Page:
Another Side of Mull
Cask Strength Tobermory from Hepburn’s Choice
If you’ve been following us for a while, you’ve learned we are intrigued by the concept of cask strength & single cask whisky. Last week, we reviewed a single barrel bourbon, and the week before that two single cask single malt bottles distilled in the same facility. Back in September, we reviewed a whisky from an independent bottler that was distilled at Tobermory. The whisky was distilled for the company’s Ledaig label, and we had purchased it at a shop in Oban during our 2016 trip to Scotland. While we were at the store we had asked the store employee to recommend a peated and an unpeated bottle to take back home. One bottle, the peated, was the Ledaig by Gordon & MacPhail. The other bottle was produced by another independent bottler, Hepburn’s Choice, and was ironically distilled at Tobermory.
We had no idea at the time that the two labels both came from the Isle of Mull, let alone from the same distillery. Back in our September post we discussed how the Tobermory distillery is the only facility on Mull, and the company has a history going back to 1798. Mull is located off the western coast of Scotland, north of Islay and west of Loch Lomond. The distillery currently produces a range of expressions of both Tobermory and Ledaig with different ages and cask types. Based on our experience with the Gordon & MacPhail bottling, as well as with regular Ledaig 10 Year, we expected Tobermory to have a similar island style to the whiskies from Islay, Skye, and Jura.
Hepburn’s Choice is one of several independent bottling labels created by the large blending and bottling company of Hunter Laing. Independent bottlers play an important role in the single malt whisky market, providing single cask bottles while also providing a market for casks that distilleries may not want for one reason or another. The company has produced bottlings from distilleries all over Scotland, and the more we learned about the bottle we purchased the more excited we became. As we highlighted a couple of weeks ago, the variations between casks filled at the same facility can be enormous.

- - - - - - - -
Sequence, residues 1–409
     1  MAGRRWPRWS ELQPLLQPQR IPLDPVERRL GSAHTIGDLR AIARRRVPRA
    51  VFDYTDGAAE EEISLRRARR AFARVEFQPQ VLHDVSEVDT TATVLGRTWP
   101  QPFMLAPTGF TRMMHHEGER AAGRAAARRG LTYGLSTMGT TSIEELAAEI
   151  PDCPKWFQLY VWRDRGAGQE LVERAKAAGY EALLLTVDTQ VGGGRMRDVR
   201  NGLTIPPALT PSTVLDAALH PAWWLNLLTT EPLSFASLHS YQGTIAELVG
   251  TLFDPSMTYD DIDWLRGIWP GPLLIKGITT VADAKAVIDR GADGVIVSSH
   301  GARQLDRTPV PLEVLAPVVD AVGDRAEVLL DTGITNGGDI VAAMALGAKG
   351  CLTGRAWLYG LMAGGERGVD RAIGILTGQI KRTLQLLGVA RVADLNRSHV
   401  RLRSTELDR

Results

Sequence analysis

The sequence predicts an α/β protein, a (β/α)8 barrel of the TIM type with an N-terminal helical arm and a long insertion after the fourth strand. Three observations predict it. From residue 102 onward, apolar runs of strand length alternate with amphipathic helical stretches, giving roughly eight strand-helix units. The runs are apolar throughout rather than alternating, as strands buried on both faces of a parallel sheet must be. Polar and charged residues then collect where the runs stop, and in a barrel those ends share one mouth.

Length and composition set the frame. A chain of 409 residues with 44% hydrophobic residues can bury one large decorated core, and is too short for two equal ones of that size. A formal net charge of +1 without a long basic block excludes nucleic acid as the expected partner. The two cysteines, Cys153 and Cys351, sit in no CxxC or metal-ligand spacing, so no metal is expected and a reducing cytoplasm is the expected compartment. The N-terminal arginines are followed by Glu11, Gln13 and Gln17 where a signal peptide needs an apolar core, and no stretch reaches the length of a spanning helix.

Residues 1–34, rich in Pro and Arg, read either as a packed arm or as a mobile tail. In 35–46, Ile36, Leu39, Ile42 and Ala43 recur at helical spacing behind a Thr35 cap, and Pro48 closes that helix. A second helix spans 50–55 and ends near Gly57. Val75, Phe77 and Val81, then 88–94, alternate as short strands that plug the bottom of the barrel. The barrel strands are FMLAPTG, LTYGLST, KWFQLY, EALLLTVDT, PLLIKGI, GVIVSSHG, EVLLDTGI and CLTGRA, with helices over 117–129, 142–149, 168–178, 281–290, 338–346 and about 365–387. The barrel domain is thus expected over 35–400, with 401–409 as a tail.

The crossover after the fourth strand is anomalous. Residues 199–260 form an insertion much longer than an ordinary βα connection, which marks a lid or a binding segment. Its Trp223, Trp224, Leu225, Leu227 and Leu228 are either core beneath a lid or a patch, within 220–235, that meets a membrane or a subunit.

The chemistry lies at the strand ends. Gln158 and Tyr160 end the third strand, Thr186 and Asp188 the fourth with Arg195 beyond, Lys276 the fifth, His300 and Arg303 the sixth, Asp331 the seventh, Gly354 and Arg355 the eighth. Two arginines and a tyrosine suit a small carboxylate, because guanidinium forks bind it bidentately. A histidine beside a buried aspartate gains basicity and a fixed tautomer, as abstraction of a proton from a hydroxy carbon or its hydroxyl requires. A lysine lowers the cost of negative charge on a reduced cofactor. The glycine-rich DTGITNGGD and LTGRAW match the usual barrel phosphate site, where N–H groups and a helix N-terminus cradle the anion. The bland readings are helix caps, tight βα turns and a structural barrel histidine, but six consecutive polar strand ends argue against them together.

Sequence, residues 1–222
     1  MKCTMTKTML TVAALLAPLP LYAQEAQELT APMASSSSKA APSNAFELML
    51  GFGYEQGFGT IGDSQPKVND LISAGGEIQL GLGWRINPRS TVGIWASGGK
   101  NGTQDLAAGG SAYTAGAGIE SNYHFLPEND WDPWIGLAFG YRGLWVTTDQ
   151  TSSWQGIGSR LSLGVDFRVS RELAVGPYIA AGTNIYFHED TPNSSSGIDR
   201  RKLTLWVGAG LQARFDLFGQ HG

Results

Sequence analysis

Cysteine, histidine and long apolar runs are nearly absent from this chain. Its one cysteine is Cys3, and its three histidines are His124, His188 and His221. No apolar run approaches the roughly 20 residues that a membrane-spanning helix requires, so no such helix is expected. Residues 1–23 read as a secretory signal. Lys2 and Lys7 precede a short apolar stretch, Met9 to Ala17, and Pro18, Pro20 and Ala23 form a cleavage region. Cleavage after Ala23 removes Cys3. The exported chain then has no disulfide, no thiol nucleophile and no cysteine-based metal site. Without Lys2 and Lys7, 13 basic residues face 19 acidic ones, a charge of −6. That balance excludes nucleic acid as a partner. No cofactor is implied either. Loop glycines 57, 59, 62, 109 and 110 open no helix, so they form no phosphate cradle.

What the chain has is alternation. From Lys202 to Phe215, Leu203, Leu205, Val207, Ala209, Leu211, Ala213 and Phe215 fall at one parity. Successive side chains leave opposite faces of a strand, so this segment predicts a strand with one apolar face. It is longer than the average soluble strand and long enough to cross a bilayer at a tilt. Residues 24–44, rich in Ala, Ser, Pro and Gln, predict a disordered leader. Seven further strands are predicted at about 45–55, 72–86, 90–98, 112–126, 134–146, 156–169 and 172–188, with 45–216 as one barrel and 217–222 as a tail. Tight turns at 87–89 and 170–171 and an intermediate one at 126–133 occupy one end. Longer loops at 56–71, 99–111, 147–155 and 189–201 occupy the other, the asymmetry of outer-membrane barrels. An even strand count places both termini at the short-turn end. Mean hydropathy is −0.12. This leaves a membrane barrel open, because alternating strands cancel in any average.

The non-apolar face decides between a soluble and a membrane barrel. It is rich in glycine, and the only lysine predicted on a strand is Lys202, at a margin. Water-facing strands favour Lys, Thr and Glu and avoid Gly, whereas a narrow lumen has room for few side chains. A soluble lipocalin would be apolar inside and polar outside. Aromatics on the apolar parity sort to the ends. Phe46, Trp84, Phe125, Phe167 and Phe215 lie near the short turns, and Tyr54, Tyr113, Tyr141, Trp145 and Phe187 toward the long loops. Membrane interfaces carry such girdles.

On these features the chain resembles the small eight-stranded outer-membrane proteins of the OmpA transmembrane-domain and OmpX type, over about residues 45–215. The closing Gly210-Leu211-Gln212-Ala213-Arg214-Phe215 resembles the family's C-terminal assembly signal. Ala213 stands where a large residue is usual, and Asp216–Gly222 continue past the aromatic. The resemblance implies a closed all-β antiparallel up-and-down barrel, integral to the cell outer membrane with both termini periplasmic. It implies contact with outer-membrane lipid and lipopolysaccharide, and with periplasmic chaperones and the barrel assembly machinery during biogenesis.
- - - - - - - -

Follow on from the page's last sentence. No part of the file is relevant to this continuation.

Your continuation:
The first thing we noticed when taking a look at the bottle was that we might have misheard things at the shop. Right in the middle of the label are the words “Smoky and Peaty.’ It’s quite possible this whisky was distilled for the Ledaig label after all. Nevertheless, the whisky was aged in a refill hogshead, which most likely means oak that first held bourbon, and then at least two different single malt whiskies. We can therefore expect the cask to have less of an influence on the whisky. Aged 8 years, the whisky is likely to have a strong island, maritime character.
Eyes: Pale green and gold, like the color of a crisp white wine like a Riesling.
Nose: The nose is pretty spirit heavy, with a combination of fresh oysters, bonfire, and mineral oil. The best way we could describe it is sweetened gasoline.
Taste: This is definitely an island whisky. Fresh bread with a hefty dash of sea salt, with undertones of cinnamon.
Finish: The finish lingers long and is primarily salty, with a flavor that reminded us of a stadium pretzel.
Even though we were a bit embarrassed to discover that we basically ended up buying two similar whiskies, we were very intrigued by this Tobermory bottling. We’ve had Ledaig 10 before, and this bottle is evocative of the Ledaig/Tobermory style but brought several surprise tastes and aromas to the table. Perhaps due to being on the younger side, the flavor and texture of the whisky reminded us of an bold Islay single malt, perhaps a Laphroaig Quarter Cask. We didn’t get as much of the ‘smoky’ aspect touted on the bottle, but there was enough ‘peaty’ flavor to last for days. Once again, we were surprised at how different each single cask could be.